The Early Brethren and Celibacy in Marriage

Photo by Regina Holmes
H. Kendall Rogers presents the insight session on early Brethren and celibacy

Generations of ministers under the tutelage of Brethren historian Floyd Mallot remember how he would write the first and last year under which the earliest Brethren purportedly practiced celibacy, having found the warrant for it in their scripture study. Then, smack dab in the middle, he wrote the year that Alexander Mack Jr. was conceived, usually to general laughter as all reflected how hard it can be to practice what is preached.

H. Kendall Rogers of Bethany Theological Seminary attempted to separate legend from myth from fact in his Friday evening insight session, “The First Brethren and Celibacy within Marriage.”

Rogers reiterated some of the central facts of Brethren history. Alexander Mack and the rest of the first Brethren bumped elbows with Radical Pietists, Anabaptists–both on the page and in real life–as well as the orthodox legal churches of the region. So in addressing the question regarding whether the first Brethren practiced sexual abstinence even within marriage, he suggested there are three possible answers:

1) Yes, because they were thorough Radical Pietists.

2) No, as Anabaptists their faith was firmly rooted in the physical world as well as the spiritual realms.

3) There’s something wrong with the question!

According to the Ephrata Chronicles, written in 1786 decades after the facts, the Brethren practiced celibacy within marriage from 1708-1715. Alexander Mack Jr. was conceived in 1711 and born in 1712. Other Brethren also bore children during this period.

The late Brethren historian Donald F. Durnbaugh insisted that the Chronicles might be flawed. They were published decades later, and Conrad Beissel was an advocate of celibacy, so Durnbaugh suggested the accuracy of the records might be called into question.

But those who would answer “Yes!” would say, according to Rogers, that Radical Pietists with whom the first Brethren were closely affiliated, believed that humanity was originally androgynous, that the desire for the physical world led to the fall, and to the differentiation between men and women. With the return of Jesus imminent, upon which a thousand-year reign on earth would begin, true Christians–they believed–would prepare to be the bride of the Christ who would reign upon the earth.

Those who would answer “No!” (including Durnbaugh), would suggest that the influence of the Pietists waned as Brethren, inspired by Anabaptist writings as well as visitors, made a clean break as they instituted Love Feast, the Ban, and baptism by immersion. Anabaptist texts like Golden Apples and Silver Bowls were especially influential, as well as the teachings of Menno Simons. The Brethren had no intention after the first baptism of being an invisible church. They chose a different path by choosing visible ordinances and discipline. Celibacy, prized by the Pietists, was “at most a three year anomaly.”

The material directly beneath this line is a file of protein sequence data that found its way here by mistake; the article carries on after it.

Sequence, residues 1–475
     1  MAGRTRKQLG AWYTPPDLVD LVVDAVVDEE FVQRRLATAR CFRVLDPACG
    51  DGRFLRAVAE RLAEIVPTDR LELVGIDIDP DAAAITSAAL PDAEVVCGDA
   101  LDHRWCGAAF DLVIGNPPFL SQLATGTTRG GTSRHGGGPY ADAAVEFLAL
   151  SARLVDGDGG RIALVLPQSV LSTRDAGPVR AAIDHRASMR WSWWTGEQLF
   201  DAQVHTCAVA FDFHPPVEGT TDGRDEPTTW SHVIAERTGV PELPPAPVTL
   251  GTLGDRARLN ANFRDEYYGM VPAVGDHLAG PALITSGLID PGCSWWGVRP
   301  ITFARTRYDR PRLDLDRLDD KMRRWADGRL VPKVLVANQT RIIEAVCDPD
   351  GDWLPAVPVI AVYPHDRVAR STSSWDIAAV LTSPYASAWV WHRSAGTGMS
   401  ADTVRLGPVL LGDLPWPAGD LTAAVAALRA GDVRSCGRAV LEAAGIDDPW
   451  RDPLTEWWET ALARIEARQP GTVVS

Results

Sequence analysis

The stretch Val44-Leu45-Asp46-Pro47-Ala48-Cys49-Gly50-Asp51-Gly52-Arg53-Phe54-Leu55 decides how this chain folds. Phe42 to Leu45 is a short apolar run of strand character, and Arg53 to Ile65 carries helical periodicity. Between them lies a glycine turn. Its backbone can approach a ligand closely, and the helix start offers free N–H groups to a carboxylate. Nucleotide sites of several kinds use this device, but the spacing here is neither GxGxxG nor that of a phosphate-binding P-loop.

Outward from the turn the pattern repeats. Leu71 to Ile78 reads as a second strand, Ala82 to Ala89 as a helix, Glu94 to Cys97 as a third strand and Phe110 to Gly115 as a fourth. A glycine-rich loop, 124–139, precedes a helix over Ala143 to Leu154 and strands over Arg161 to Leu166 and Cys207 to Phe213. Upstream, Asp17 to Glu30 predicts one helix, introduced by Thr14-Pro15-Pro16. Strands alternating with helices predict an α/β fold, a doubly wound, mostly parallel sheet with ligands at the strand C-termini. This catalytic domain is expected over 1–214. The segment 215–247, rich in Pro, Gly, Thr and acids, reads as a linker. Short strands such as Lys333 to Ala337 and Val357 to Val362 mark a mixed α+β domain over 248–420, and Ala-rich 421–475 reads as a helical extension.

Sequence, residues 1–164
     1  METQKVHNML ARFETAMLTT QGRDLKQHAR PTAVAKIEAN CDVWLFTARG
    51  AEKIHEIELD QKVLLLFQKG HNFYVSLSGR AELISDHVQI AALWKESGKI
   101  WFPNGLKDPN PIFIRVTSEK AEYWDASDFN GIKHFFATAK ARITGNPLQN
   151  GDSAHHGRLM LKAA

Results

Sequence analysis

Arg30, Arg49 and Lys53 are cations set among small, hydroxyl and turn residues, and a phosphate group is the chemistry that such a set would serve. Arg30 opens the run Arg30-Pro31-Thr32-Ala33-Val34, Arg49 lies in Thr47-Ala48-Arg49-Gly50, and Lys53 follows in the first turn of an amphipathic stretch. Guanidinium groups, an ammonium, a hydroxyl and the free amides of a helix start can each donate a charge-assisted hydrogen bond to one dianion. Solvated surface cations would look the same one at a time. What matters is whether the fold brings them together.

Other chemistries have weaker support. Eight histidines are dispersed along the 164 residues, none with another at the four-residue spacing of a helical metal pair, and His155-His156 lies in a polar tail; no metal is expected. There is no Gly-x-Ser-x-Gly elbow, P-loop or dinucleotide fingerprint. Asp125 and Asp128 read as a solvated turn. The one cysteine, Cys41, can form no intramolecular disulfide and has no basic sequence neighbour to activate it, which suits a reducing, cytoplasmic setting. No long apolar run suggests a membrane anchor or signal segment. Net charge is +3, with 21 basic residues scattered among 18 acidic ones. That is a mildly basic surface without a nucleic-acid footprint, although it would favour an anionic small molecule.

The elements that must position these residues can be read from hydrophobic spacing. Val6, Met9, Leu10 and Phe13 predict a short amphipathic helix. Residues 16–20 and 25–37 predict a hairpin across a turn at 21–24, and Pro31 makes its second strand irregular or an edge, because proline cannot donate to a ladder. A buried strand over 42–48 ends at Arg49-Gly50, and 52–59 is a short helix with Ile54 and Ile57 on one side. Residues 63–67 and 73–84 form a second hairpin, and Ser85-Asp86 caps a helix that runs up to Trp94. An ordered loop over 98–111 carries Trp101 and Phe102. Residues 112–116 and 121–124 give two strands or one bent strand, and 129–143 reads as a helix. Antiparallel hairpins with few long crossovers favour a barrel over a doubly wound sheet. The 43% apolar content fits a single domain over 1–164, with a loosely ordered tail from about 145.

Rogers suggested that the third option, “There’s something wrong with the question,” might provide better insight into the question of Brethren and celibacy. The break with Radical Pietism did not occur immediately with the first baptism in August 1708. Hochmann von Hochenau, a Radical Pietist leader with whom Alexander Mack traveled, gave approval through a letter from prison for baptism if the Brethren felt they were led by the Spirit, and counted the cost.

Rogers believes there is evidence the Brethren practiced celibacy within marriage for a three-year period between 1708-1710. Gradually over that time the influence of the Radical Pietists waned, and the influence of Anabaptist writers increased.

Even so, Rogers warned, it’s hard to know what really happened. “The presence of a child implies that there was sexual activity,” he said, “but the absence of a child does not imply no sexual activity.”

Four Brethren couples bore children during the seven-year period that the Brethren were supposedly celibate. The most significant thing about the whole matter, Rogers asserted, was, “The Brethren could change their minds on a very important issue.” Having used a mystical interpretation of Genesis 1-2 as well as verses from 1 Corinthians 7 to justify celibacy within marriage, the Brethren seemed to have revisited scripture and to have chosen a different interpretation for their lives together.

— Frank Ramirez provided this report.

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